So 60 hz. is iffy, and can be detected with a phone. However, when we get a little higher, say 300 to 600 hz. range or more, there is no way anyone is going to be able to see any flicker. Bump it up a little higher to the 18,000 hz or more of a fluorescent ballast and the flicker can no longer be detected with a phone.

    I just see no reason in the world any manufacturer would use a frequency for a LED light fixture low enough to have flicker. The simplest most basic electronics in the world can easily make an LED driver that works high enough to make flicker not an issue. I can't imagine why any manufacturer would pulse the LED's at anything less than a few KHZ.

    I've looked at a couple of LED lights with my phone since you posted this, and they have detectable flicker with whatsoever. They would basically be equivalent to an fluorescent light with a electronic ballast.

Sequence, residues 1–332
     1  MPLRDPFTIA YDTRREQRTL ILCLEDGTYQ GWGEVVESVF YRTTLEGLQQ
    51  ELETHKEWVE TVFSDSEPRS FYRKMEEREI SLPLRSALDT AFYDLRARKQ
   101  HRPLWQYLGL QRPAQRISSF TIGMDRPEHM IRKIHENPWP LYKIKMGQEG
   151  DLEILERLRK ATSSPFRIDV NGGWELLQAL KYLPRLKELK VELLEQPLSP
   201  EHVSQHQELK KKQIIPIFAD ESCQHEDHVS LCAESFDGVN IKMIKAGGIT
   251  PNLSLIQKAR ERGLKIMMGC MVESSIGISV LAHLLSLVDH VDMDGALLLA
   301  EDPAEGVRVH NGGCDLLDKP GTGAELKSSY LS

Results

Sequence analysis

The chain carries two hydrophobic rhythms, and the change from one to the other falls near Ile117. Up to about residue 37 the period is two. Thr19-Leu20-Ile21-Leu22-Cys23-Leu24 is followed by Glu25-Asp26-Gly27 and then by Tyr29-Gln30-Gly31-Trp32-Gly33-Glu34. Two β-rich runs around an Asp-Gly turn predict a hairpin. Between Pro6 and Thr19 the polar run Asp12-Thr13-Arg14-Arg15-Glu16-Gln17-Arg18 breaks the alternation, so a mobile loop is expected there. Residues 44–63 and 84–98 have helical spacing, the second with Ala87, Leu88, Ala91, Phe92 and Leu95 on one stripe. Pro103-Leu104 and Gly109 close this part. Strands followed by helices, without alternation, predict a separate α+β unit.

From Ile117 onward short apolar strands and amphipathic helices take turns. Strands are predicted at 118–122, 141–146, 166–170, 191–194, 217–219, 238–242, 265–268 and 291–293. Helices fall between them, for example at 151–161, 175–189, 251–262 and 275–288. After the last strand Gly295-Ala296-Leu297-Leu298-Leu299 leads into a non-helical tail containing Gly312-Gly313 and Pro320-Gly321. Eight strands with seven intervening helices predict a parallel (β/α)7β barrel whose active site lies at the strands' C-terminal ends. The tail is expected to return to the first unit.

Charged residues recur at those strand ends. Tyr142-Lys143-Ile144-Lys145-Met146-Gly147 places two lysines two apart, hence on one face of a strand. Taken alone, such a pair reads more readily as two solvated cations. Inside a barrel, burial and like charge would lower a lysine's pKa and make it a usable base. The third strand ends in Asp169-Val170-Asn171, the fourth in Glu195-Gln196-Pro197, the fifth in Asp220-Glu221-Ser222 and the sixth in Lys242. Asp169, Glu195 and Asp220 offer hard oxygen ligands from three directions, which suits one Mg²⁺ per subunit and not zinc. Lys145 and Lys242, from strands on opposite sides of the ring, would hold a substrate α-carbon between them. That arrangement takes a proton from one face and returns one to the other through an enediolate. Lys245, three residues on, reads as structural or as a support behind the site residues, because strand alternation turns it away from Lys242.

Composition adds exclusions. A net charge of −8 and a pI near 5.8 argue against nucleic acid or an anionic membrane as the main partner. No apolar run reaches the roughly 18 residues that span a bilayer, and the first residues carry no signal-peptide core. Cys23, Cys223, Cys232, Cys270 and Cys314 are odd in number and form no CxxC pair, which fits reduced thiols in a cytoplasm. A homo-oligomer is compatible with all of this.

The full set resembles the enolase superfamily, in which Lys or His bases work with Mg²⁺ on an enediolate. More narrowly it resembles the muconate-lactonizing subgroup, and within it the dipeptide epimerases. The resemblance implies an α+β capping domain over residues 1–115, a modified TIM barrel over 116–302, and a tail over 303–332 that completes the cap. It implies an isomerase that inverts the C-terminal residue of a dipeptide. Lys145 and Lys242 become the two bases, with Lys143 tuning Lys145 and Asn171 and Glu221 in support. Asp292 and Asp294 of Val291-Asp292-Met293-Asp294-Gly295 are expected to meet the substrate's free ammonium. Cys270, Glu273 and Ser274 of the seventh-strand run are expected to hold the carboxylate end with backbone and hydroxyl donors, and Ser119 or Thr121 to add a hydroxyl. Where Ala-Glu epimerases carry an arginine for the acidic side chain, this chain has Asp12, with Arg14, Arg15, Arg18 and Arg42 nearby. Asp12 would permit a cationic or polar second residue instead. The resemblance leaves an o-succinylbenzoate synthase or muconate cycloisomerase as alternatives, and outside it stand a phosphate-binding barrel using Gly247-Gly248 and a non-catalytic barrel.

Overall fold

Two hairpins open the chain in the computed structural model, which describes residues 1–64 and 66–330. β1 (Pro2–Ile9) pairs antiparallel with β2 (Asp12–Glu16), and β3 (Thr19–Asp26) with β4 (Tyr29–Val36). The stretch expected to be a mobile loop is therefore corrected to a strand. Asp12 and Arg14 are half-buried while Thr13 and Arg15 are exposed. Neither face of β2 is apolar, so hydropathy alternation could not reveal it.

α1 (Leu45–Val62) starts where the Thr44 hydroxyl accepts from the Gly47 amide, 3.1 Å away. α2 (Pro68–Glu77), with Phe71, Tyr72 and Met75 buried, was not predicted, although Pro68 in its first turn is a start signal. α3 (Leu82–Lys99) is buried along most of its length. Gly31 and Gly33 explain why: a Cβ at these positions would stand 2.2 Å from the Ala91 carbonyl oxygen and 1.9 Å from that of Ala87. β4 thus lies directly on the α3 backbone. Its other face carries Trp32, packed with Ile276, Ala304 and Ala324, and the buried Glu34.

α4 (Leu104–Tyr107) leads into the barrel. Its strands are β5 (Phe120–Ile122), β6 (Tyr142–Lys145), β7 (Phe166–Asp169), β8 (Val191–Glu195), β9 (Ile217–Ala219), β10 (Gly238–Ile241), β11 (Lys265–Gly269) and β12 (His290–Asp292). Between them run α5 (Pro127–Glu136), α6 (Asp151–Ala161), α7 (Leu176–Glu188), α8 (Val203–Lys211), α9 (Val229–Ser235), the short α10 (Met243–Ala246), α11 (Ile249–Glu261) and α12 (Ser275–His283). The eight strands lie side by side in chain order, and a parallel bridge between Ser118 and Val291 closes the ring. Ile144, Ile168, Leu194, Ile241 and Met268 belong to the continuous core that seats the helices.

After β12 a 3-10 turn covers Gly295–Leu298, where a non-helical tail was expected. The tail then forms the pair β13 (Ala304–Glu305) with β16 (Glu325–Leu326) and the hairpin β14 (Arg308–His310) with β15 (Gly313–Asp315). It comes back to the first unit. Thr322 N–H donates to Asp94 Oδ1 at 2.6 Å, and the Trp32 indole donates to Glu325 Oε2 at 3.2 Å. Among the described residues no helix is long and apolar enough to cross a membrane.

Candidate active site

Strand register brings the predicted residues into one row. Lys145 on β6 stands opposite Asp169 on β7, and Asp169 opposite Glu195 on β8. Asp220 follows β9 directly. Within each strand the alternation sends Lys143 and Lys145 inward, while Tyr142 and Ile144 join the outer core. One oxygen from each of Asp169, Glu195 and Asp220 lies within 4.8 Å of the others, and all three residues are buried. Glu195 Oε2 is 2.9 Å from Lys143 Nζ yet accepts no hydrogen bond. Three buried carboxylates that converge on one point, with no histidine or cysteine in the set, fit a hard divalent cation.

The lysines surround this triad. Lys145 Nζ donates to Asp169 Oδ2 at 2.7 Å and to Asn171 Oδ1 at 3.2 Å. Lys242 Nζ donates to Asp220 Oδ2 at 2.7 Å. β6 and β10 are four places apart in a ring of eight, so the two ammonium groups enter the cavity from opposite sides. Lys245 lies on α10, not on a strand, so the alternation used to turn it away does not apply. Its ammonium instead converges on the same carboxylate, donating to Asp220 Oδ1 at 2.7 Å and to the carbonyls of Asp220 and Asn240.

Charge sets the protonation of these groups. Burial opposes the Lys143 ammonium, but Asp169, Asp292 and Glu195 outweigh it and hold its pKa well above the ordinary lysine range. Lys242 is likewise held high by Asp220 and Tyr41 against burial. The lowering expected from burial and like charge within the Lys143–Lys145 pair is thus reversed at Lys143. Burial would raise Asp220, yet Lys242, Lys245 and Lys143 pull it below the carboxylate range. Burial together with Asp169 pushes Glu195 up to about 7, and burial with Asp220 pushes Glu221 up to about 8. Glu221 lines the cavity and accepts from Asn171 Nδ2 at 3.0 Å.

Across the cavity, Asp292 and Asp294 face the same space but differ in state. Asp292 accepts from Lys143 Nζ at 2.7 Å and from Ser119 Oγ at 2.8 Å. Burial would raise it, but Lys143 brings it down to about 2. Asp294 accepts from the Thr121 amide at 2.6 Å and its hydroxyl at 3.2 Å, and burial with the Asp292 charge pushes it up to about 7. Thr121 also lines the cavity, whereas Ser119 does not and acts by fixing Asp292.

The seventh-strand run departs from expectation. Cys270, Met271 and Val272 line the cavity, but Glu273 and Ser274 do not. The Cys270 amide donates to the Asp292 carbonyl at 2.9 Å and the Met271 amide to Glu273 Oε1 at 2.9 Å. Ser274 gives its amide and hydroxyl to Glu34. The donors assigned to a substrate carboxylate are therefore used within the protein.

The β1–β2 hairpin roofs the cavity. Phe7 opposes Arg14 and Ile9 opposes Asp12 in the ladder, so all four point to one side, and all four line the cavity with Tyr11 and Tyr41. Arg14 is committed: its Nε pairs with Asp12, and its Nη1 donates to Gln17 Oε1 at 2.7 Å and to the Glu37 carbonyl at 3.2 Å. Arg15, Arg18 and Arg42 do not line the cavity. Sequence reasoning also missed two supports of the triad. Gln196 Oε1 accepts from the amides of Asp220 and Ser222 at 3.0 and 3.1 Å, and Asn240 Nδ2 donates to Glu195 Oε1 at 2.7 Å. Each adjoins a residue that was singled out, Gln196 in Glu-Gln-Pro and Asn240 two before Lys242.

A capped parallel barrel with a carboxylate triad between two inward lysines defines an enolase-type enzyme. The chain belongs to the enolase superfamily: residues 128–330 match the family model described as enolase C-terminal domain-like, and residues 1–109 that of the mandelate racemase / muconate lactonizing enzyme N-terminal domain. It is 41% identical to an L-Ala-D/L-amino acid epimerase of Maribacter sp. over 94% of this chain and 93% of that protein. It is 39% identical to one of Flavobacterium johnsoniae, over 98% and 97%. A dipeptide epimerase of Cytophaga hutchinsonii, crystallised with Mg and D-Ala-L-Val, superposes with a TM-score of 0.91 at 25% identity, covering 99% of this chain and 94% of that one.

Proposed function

I think its more likely you have a couple of bad lights.

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    Quote Originally Posted by steve66 View Post
    Sorry, but I'm a little skeptical that led flicker is any kind of issue in any of the brand name fixtures, and even more skeptical its an issue in any quality fixtures. There is just no reason in the world any manufacturer would pulse the LED's slow enough to make this an issue.
    I'm bothered by it and it's enough of an issue that it's become a topic of discussion at performance standards and technical bodies and professional organizations (US Department of Energy, IEEE, EnergyStar, Light Fair) https://energy.gov/sites/prod/files/...htfair2015.pdf